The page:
Let's hope that Ed Krayewski is right that ESPN pulling sportscaster Robert Lee from calling a University of Virginia football game "because of the coincidence of his name" with the Confederate general is indeed a "turning point in the debate over 'PC culture.'" ESPN's Lee is Asian American and has no connection to Robert E. Lee, whose statue was a rallying point for white supremacists marching in Charlottesville, University of Virginia's hometown.
But hope will only get us so far.
The New York Times reports on another PC controversy, this one involving the "racially tinged" name of a restaurant opened last fall by superstar chef Tom Colicchio. If you're faint of heart, read on with confidence, as the name isn't anything like some old defunct chains or even Lee's Famous Recipe Chicken (like ESPN's Lee, not a callback to the Confederate States of America).
Tom Colicchio is dropping the name of his newest Manhattan restaurant, Fowler & Wells, after learning that it has historically racist connotations. The new name is Temple Court.
Fowler & Wells, which opened last October, was named for a publishing company and scientific institute that once operated in a building on the same site in the financial district; that building was later torn down, replaced by Temple Court, the building that stands there now. The men who started the company, Lorenzo and Orson Fowler and Samuel Wells, were proponents of phrenology, a popular 19th-century belief that the shape of one's skull revealed characteristics like mental aptitude and personality.
The practice was frequently used to justify slavery and to advance a belief in African-American inferiority. Orson Fowler wrote that coarse hair correlated with coarse fibers in the brain, and indicated coarse feelings; that, he wrote, suggested that people of African descent had poor verbal skills and traits that were best suited for nursing children or waiting on tables.
As the Times notes, Colicchio wasn't exactly using the name as a dog whistle to become the go-to meeting place for wealthy white supremacists. Indeed, he is a liberal's liberal who tweets against Donald Trump on a regular basis and told the paper of record, "I have a fairly liberal persona and never in a million years would consider myself a racist, so it never crossed my mind."
So what happened? A January review of the place by the Times didn't just give the place a mixed-to-negative two-star review. It included this passage about the restaurant's site:
Among its tenants were Orson Fowler and Samuel Wells, a pair of phrenologists with a sideline in publishing.
The 19th-century belief that skull shape revealed character provides some amusing, arcane cocktail names. But in its day, phrenology wrapped a gauzy cloak of fake science around the ugly armor of racism. Fowler was close to several abolitionists, but he also wrote that the heads of black people made them "our best nurses" and "excellent waiters" while dooming them to language skills that were at best "middling."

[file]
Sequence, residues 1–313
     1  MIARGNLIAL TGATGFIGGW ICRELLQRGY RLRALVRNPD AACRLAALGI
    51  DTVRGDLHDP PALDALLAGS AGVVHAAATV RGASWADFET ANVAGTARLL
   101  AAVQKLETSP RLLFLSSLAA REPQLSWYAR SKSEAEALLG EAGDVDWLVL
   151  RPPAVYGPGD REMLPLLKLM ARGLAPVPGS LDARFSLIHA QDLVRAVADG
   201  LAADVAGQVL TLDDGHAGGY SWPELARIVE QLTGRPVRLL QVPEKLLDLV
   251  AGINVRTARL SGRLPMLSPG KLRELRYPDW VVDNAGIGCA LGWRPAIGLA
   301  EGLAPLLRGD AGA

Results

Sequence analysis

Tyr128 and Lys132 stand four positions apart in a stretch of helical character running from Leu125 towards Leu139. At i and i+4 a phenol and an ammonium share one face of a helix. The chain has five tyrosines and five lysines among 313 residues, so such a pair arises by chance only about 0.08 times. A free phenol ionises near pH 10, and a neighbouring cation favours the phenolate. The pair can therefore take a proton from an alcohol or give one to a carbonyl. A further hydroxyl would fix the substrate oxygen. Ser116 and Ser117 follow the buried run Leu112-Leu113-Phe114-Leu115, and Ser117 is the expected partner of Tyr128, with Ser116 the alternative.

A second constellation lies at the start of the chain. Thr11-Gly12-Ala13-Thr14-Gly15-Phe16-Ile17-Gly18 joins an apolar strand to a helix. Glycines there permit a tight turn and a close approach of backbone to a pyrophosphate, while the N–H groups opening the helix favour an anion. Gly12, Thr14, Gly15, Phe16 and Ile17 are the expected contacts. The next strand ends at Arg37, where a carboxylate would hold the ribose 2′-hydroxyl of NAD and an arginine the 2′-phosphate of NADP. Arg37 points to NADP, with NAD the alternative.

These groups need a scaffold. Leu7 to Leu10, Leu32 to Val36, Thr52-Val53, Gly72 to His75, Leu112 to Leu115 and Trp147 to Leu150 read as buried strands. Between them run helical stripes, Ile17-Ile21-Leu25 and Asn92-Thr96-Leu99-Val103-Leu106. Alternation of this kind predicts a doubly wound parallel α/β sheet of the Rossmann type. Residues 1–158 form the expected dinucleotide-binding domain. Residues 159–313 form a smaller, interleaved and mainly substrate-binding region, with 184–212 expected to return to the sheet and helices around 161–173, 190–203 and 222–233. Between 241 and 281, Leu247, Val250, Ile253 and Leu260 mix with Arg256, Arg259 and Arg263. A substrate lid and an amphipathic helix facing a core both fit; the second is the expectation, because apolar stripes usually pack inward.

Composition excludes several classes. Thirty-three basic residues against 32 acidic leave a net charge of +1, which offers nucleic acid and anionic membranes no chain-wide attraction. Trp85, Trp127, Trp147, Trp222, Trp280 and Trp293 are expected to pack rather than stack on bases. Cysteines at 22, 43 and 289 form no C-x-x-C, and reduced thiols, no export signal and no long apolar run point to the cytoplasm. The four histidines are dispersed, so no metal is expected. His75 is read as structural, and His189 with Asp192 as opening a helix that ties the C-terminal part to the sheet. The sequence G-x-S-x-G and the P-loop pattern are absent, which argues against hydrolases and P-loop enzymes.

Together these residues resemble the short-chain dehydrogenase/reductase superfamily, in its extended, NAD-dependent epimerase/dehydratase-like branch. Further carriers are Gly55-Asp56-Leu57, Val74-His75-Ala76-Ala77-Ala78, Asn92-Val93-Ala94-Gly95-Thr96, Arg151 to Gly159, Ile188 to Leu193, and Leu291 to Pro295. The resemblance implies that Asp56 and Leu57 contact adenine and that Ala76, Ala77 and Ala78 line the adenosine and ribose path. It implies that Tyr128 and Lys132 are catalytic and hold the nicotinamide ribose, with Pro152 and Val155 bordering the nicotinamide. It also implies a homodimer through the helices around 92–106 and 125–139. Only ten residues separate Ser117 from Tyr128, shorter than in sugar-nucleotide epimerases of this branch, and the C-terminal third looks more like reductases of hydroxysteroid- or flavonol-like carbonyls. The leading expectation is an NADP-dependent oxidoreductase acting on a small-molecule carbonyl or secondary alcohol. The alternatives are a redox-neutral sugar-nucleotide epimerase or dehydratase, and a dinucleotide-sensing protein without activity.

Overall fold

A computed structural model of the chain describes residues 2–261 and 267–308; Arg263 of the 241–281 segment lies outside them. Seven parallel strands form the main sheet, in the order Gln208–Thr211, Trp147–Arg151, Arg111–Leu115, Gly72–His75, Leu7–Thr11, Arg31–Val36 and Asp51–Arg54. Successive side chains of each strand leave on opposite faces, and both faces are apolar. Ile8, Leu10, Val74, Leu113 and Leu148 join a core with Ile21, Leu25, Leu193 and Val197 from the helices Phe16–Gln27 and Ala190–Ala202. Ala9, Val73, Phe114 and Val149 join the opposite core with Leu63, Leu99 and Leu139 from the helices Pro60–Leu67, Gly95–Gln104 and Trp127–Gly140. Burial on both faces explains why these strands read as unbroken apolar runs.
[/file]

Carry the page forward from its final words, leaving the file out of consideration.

The upshot is that Colicchio has just completed the name-change of his joint, to the bland Temple Court, over a period of months and at a cost between $50,000 and $100,000, according to the Times.
While there's no question that the namesakes of the restaurant were racist—and anti-Semitic, too, with Orson Fowler apparently believing that Jews were "hereditarily aquisitive, deceitful, and destructive"—there is surely a question as to whether it is, in the words of Reason's Krayewski, "the perception of potential outrage rather than the outrage itself that drives these disputes." Colicchio recalled for the Times that once the review came out, "very quickly, internally, we told people we were changing the name of the restaurant." Obviously, Colicchio has every right (and possible good marketing reasons) to change the name of his restaurant (maybe he'll even get a new, more successful review from the Times.)
Should things stop there? The restaurant is located in a building called The Beekman, which sits on Beekman Street in Manhattan. Both are named for an early Dutch settler and politician, Wilhemus Beekman. He was instrumental in the success of what was then called New Amsterdam and was thus directly implicated in the introduction and expansion of slavery in New York.
Perhaps more than many libertarians, I'm sympathetic to renaming of places and names as a way of righting past wrongs; names and meanings are always changing anyway, why not because people are fed up with the past? I'm also general comfortable with at least figurative iconoclasm. But I doubt that many people nowadays calling for the constant and ongoing purification of history are fully aware of the dynamics they are putting into play.